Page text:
Blessed are the peacemakers, for they will be called children of God. – Matthew 5:9
This Sunday, Christian congregations across the country celebrated the lives lost during the wars this country has participated in; it’s too bad they weren’t celebrating those who have dedicated their lives working for peace, so that soldiers do not have to fight and pay the ultimate price of their lives.
I heard such a poem read at a religious gathering, “It’s the Soldier.” In respect to copyright, I’m not re-printing the words here, but I invite you to read it in whole for yourself here. The poem declares that it is the soldier who has given us freedom of religion, freedom of press, freedom of speech, the right to a fair trial, and the right to vote as opposed to the minister, the reporter, the poet, or the lawyer.
I mean no disrespect to soldiers, absolutely none; especially those who have died and whose families grieve their loss. War is a horrible, awful thing and why we continue to glorify those who we put through it and honor their sacrifice as some kind of Christological/Soteriological act is beyond me. Perhaps churches should spend Memorial Weekend Sundays mourning the precious loss of millions of lives, both soldiers and civilians, and decrying that our country continues to be willing to send young, vibrant men and women off to their death.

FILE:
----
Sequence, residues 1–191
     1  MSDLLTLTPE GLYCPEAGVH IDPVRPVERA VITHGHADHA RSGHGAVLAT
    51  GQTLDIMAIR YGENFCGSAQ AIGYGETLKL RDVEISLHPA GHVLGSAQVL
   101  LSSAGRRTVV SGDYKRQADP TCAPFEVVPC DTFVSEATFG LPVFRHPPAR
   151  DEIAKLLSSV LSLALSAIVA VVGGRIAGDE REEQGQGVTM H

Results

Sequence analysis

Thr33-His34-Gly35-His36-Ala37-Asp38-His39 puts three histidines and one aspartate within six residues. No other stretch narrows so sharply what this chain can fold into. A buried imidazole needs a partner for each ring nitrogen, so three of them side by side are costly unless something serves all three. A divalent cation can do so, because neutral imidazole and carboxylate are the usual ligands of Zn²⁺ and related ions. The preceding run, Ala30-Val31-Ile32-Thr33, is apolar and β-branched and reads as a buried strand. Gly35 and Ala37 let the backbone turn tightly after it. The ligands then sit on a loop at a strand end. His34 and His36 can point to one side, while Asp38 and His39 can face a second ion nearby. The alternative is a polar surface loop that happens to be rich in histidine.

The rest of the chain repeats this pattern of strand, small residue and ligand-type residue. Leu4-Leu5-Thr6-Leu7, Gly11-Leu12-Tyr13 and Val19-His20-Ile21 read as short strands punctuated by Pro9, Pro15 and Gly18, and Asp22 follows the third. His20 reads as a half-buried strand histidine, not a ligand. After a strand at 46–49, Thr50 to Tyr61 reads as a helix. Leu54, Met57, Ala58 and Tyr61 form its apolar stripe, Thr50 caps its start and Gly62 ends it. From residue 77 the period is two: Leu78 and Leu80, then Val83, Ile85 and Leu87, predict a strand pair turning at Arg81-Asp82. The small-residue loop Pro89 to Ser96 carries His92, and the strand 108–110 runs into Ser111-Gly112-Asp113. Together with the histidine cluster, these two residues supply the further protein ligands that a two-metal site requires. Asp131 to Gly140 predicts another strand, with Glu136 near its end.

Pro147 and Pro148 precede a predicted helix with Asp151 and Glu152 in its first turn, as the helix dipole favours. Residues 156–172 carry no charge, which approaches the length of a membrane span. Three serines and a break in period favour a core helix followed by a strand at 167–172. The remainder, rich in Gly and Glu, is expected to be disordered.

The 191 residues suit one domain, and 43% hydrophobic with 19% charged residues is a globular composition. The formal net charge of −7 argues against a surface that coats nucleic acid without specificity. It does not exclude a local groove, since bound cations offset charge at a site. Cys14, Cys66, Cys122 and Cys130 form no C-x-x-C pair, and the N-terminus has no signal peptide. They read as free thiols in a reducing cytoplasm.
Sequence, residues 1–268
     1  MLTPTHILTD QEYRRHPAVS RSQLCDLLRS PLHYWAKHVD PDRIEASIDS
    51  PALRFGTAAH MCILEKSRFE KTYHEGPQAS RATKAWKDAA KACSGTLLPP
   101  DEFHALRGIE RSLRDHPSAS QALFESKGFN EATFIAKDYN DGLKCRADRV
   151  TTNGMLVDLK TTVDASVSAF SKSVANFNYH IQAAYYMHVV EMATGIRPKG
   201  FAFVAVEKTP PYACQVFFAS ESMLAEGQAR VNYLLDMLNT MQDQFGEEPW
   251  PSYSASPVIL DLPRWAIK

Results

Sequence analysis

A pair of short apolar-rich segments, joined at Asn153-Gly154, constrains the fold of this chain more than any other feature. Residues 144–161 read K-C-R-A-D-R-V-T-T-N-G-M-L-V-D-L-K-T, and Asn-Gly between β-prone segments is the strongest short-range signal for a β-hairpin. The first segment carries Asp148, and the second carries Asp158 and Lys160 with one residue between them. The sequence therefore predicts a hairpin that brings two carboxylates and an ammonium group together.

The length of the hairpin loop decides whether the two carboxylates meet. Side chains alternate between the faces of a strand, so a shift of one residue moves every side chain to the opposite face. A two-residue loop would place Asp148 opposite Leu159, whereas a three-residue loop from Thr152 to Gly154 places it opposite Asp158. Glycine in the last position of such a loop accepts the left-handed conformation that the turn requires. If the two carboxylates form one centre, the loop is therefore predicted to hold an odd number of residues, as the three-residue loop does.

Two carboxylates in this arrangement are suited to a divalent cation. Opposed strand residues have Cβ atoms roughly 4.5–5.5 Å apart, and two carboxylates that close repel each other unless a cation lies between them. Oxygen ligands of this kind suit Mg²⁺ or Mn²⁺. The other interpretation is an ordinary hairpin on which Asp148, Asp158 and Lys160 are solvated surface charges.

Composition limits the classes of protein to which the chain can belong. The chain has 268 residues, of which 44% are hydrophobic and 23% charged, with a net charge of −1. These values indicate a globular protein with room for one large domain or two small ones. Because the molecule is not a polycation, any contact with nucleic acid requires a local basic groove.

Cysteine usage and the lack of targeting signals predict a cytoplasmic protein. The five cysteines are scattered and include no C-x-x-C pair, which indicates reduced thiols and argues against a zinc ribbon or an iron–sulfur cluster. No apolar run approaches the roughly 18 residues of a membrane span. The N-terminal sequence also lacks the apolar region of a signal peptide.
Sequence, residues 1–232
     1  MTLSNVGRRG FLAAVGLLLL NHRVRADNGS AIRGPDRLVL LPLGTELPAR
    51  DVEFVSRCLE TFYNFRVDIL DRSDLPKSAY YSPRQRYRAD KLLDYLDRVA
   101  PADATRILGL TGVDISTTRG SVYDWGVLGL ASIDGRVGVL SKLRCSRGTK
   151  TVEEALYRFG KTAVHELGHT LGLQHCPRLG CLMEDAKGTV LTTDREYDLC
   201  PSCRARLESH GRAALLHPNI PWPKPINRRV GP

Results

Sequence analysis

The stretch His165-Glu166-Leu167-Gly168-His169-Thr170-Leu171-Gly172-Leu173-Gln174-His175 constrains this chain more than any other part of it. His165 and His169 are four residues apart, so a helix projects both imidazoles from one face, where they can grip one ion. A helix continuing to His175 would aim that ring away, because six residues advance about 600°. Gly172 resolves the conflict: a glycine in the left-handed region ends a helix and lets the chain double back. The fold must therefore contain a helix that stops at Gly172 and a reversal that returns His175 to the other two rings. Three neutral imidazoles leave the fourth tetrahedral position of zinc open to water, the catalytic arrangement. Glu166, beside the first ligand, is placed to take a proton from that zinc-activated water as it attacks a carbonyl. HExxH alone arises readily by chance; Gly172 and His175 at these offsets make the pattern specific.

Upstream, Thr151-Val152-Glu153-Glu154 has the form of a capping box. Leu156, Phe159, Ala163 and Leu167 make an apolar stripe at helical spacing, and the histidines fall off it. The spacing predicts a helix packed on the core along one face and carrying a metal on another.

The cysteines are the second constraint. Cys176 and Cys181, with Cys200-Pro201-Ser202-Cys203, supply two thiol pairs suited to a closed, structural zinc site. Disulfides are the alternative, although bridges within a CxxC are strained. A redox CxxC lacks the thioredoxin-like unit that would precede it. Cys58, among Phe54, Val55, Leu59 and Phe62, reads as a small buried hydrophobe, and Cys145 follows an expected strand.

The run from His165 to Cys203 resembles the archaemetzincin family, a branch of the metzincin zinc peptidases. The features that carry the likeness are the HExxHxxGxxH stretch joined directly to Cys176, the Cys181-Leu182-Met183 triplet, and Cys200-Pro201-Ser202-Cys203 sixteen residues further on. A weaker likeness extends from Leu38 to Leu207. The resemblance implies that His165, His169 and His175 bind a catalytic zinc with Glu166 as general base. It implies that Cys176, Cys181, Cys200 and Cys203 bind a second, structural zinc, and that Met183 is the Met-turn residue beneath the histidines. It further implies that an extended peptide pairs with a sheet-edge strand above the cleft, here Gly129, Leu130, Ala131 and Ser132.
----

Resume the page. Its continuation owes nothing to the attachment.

Our nation spends roughly the same on “Defense” (i.e. weapons of death and destruction) as ALL the other nations COMBINED. And if that weren’t enough, Republican Paul Ryan has presented a budget that seeks to increase our death and destruction budget by 20%. America has also doubled its death and destruction spending since 2000.
I don’t want to see any lives lost, something I’d think my “pro-life” friends could agree on; yet members of the same churches that commemorate the lives of the millions of soldiers killed in war (and the innumerable civilians) oddly enough continue to support politicians and policies that are far too eager to send off young lives to be maimed and killed. Strange indeed.
What if instead of training women and men to be killing machines we trained them to be peacemakers? To feed the poor, heal the sick, ease the brokenhearted; you know, be like Jesus? What if instead of spending $1 Trillion on the F-35 Joint Strike Fighter, America instead dedicated some of that money to ending hunger globally? It’s estimated the global hunger could be eliminated for only $13 Billion.
Do I respect and appreciate the soldiers? Absolutely YES, so much so that I don’t want to see a single one put through the horrors of war to suffer and die.